Gay refuses to follow after this browbeating. He returns to the chase of the mustangs. He truly nearly gets killed being dragged by one. (In fact, many speculate that Gable, performing his own stunt, hastened his own death shortly after filming.)

But he ties the horse up. And then he lets it go.

Gay: Don't want nobody making up my mind for me, that's all. Damn 'em all. They changed it. Changed it all around. Smeared it all over with blood. I'm finished with it. ... I just gotta find another way to be alive, that's all - if there is one, anymore.

We can always try to do better. It just means a harder life. It means sacrifice. The Misfits dramatizes this inherent conflict. Sacrifice on the primary level is less than ideal, so life is less than ideal. But we can still make a better life through it.

Marilyn final.jpgHow often I take the easy way out myself. But I have to remember, in a changing world, in a changing sport, we need to continue to reevaluate right and wrong, as much as we can. And choose right, as much as we can. That can involve life or death situations, or it can involve what stats and observations to use to evaluate a ballplayer's talent. It can mean the difference between love and loss, or the difference between grilled hot dogs at the ballpark and boiled.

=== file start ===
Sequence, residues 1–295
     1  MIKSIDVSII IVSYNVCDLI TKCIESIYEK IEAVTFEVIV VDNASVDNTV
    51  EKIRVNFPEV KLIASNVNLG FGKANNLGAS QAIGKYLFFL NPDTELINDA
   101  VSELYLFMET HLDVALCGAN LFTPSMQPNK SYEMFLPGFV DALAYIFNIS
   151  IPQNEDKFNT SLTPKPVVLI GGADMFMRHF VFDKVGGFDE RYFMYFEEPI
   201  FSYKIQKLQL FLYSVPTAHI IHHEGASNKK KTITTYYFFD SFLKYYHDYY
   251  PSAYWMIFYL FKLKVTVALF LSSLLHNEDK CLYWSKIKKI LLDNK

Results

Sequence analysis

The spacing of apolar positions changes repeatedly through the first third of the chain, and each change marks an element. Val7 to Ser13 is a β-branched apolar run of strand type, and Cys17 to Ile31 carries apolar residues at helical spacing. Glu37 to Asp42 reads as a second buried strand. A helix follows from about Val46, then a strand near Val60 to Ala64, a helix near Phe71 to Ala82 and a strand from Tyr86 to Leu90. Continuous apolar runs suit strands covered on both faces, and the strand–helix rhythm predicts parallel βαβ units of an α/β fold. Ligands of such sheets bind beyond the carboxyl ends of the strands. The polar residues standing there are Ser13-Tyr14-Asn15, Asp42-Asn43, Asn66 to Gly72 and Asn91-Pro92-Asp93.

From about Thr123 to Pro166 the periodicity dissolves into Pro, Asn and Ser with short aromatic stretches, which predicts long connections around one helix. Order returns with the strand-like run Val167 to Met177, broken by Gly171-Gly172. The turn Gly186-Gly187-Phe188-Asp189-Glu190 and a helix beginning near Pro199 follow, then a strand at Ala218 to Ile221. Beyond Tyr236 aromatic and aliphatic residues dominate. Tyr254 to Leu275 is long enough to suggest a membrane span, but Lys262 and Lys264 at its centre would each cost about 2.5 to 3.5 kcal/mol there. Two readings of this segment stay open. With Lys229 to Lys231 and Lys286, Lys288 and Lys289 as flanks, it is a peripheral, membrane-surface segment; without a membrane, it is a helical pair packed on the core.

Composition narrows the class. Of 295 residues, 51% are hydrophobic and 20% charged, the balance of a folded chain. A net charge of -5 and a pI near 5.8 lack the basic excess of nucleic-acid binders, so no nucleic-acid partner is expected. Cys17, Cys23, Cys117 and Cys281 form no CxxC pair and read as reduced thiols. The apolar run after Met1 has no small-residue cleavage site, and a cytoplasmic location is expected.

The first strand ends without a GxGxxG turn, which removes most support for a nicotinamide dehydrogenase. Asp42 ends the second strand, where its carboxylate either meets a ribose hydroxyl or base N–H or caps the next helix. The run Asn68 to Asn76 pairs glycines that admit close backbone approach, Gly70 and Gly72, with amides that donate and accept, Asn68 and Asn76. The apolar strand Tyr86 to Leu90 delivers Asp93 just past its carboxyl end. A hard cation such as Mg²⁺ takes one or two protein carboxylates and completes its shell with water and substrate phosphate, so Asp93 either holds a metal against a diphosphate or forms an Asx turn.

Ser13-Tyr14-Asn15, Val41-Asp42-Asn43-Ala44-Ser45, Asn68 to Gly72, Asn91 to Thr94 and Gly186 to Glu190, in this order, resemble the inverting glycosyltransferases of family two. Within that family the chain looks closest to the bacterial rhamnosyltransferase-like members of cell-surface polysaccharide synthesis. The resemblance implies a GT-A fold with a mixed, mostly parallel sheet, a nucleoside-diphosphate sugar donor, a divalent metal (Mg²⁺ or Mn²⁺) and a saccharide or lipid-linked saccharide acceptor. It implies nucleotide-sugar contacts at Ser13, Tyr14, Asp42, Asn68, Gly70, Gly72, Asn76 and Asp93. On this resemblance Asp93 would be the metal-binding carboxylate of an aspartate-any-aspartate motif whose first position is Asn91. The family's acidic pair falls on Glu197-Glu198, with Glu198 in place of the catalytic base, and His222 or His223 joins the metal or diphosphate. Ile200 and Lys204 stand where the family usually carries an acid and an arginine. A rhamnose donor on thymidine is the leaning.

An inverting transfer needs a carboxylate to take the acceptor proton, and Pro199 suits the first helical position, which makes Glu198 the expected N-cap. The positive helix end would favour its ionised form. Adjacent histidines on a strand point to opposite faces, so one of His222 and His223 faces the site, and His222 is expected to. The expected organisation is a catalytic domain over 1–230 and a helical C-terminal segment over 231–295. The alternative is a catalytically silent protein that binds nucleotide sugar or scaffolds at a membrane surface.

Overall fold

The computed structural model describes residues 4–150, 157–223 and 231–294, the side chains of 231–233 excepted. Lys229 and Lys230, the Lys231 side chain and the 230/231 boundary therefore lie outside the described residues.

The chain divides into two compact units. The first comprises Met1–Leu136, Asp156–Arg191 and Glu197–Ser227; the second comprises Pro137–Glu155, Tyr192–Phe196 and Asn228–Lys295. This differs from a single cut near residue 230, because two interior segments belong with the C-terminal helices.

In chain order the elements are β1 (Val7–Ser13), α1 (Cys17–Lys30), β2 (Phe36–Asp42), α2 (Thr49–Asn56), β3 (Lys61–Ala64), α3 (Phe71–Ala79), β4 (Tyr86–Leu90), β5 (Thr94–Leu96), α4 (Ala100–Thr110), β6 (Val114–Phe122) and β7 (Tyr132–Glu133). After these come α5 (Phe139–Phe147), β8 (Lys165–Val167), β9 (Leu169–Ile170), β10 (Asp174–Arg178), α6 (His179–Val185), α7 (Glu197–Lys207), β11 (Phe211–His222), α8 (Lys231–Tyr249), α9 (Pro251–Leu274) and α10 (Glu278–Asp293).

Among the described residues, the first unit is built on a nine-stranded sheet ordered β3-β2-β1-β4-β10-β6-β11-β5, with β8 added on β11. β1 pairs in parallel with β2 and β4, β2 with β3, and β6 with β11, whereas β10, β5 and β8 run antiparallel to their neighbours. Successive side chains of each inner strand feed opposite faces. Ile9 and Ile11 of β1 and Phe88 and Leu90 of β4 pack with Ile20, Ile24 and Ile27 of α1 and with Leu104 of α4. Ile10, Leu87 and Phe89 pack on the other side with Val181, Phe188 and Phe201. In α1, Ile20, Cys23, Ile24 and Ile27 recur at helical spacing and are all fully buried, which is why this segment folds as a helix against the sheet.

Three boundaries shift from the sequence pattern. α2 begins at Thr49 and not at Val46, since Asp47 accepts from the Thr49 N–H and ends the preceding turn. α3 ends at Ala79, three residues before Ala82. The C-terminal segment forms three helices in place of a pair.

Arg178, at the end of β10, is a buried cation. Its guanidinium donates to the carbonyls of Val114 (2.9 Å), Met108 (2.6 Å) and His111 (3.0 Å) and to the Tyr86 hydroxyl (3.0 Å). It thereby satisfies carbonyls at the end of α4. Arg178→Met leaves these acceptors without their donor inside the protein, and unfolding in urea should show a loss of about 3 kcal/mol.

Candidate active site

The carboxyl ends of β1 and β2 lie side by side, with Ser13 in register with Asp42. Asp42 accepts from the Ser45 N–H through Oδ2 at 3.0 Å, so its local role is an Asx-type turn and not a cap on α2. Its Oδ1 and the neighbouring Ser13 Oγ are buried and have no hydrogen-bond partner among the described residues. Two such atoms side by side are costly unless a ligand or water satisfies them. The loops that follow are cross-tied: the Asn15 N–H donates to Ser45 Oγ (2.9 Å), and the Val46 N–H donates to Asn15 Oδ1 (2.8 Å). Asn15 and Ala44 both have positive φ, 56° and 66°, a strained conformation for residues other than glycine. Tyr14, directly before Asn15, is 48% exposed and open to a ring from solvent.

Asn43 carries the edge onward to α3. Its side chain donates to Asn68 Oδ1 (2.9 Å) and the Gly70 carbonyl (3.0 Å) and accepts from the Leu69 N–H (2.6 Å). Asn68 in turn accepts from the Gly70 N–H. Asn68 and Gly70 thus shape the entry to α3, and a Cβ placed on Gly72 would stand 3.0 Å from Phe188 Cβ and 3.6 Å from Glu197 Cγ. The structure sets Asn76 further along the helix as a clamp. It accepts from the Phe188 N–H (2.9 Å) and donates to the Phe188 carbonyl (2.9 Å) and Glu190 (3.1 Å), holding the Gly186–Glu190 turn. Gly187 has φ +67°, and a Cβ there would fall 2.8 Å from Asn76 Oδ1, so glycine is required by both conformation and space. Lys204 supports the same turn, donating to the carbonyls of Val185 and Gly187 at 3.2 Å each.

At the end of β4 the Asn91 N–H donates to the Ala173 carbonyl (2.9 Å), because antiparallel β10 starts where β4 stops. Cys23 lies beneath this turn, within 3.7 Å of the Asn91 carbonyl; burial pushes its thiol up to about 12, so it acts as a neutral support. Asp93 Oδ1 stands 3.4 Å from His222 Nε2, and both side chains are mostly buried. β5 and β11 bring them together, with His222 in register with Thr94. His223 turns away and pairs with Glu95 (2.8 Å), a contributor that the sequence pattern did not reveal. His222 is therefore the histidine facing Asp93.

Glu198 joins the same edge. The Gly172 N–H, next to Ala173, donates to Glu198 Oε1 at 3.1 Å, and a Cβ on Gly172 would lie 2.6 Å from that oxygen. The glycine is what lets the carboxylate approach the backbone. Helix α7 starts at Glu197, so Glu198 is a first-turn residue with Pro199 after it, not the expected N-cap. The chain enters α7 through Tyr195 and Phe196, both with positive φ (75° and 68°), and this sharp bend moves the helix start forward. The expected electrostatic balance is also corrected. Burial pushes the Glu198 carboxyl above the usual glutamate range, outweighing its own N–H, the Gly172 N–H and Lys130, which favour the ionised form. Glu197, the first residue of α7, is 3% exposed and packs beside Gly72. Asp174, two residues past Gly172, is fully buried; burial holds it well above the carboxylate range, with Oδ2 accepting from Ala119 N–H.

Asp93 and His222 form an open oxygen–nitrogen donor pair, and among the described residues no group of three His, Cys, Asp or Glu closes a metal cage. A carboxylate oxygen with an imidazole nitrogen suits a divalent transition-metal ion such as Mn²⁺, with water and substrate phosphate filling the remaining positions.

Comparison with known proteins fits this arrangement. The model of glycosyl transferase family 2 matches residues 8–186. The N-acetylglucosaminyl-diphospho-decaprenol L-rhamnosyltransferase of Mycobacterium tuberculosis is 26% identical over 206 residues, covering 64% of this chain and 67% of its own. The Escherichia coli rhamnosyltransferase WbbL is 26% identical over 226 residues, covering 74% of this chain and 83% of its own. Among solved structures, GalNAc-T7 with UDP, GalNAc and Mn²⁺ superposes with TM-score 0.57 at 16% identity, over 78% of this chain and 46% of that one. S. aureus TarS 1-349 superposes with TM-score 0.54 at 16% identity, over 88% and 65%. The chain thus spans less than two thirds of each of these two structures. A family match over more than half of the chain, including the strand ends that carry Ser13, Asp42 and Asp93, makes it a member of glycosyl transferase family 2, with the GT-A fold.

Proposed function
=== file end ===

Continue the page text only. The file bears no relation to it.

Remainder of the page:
It can mean the smallest degree of improvement, or it can mean everything over nothing.

Roslyn: Gay, if there could be one person in the world, a child who could be brave from the beginning. ... How do you find your way back in the dark?
Gay: Just head for that big star straight on. The highway's under it. It'll take us right home.

Baseball is my favorite game. The Misfits is my favorite movie. Arthur Miller is gone, and I felt I needed to write something.

Images gratefully scrounged from: www.stellargraffiti.com, www.usuario.tiscali.es, www.inicia.es, www.kinountersternen.at, www.filmkrant.nl, www.trondheim-filmklubb.no